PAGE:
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The World Tour Will Forever Return To South Africa, Here's Why

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The World Tour Will Forever Return To South Africa, Here's Why

If you were to poll the 50+ WCT athletes, as well as the hundreds tasked with rolling along with the circus—trainers, coaches, judges, photographers, filmers, etc.—which of the eleven stops on the World Tour was their absolute favorite, the lion's share would profess, unequivocally: South Africa. 

As if the country's ridiculous exchange rate (.07 cents US will get you a single rand) weren't enough, it happens to be home to what most consider to be the world's most consistently perfect right-hand point in the world, as well as a land of near limitless opportunity for on-land fun. 

For this episode of No Contest, the boys hop in the Landy with South African international big wave playboy Frank Solomon, as well as decorated Safa adventure and surf photog Alan Van Gysen, the man known formally as AVG, to get a lay of the land, as well as a first-hand look at some South African wildlife. 

They catch a session with pretty much the entire WCT at Jeffreys, on the day of the year, and watch Kolohe Andino, Conner Coffin, Malia Manuel, Kelly Slater, and Stephanie Gilmore give the place a proper going over, before doing their damndest not to get smoked on the mussel-strewn rocks trying to get in "The Keyhole"—a fifteen-foot wide gap of sand in the half-mile-long craggy point.  

 

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There wasn't a session that went down between heats that Kelly Slater wasn't on.

Photography Trevor Moran
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Carissa Moore, on the opening stretch of the J-Bay speedway, and what most agree is the fastest wave on the World Tour.

Photography Trevor Moran.

If you’re coming to South Africa, you better like meat. The place is a carnivore's dream, and these days one of the country’s most exported delicacies is Biltong, an indigenous style of cured meats like ostritch, kudu, antelope, and of course beef and pork, that’s cut into long strips, salted, and hung out to cure. While African tribes relied on it to get them through long migratory trips out of the Cape Colonies, these days it’s the perfect snack to get you through a marathon Jeffreys session. With Mikey February in town for the Corona Highline, the boys scoop the South African stylist for a mission to the J-Bay Biltong shop, and meet Johanna Goosen, who has been serving the WCT for more than 23 years.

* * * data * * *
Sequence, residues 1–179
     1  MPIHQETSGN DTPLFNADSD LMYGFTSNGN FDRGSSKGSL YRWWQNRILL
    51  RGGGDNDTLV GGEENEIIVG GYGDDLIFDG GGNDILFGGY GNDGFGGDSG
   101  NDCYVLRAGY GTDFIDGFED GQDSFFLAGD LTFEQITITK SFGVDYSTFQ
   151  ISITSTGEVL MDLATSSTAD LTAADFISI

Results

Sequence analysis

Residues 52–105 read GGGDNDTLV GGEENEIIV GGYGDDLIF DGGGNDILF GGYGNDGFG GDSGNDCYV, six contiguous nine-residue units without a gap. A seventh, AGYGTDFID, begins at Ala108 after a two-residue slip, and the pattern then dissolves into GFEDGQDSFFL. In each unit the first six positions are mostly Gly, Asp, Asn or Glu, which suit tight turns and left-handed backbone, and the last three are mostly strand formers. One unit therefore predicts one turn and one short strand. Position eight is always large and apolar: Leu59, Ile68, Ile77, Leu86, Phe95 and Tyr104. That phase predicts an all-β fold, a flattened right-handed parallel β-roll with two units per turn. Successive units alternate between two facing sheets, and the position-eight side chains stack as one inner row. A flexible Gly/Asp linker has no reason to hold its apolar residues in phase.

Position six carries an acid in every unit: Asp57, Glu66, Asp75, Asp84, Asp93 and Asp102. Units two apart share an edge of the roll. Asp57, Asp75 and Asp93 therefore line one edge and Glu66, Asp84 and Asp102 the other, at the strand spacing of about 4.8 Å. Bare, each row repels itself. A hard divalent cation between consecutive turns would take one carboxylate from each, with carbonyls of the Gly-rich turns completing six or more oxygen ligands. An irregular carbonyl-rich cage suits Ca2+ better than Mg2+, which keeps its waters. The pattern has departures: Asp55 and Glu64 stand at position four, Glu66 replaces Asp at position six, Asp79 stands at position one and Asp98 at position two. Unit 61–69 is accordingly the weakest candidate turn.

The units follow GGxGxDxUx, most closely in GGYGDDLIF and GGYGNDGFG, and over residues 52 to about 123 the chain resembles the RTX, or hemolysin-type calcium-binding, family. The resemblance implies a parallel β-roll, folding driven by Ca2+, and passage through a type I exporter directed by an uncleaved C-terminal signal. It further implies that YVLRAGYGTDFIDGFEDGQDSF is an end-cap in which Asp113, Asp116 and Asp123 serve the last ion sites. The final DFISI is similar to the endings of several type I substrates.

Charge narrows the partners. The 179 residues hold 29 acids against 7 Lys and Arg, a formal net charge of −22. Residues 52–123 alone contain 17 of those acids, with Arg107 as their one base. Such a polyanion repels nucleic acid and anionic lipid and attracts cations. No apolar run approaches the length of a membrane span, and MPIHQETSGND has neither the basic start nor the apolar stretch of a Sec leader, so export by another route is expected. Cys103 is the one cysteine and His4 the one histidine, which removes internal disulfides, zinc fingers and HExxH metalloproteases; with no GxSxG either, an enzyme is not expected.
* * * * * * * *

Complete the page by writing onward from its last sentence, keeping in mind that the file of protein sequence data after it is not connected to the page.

Then, the No Connie crew comes just short of pushing Host Ashton Goggans off a bridge, and not just any bridge, but the world's tallest bungee jump. Just an hour and half drive from Jeffrey’s Bay is the Bloucrans Bridge which spans the inspiring Bloucrans River, separating the Western and Eastern Capes of South Africa. At 216m, or a little over 700 feet, the jump offers five to six seconds of freefall, and is a right of passage for any of the surfers on tour, once they’ve finished the event. 

The right-hand points of South Africa have been the benchmark by which all waves are judged, ever since Bruce Brown, Hynson, and August walked over the dunes at Cape St. Francis almost sixty years ago. South Africa is, no question, a top-5 destination for any surfer, and the waves are just the tip of the spear. This is No Contest: South Africa. 

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Julian Wilson leaning into a meaty, hollow Supertubes sweetheart on the best day of the year at Jeffreys so far.

Photography Trevor Moran
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Caroline Marks got her first taste of proper Jeffreys at size before the event window, and the pairing was a thing of pure beauty (and brute force).

Photography Trevor Moran

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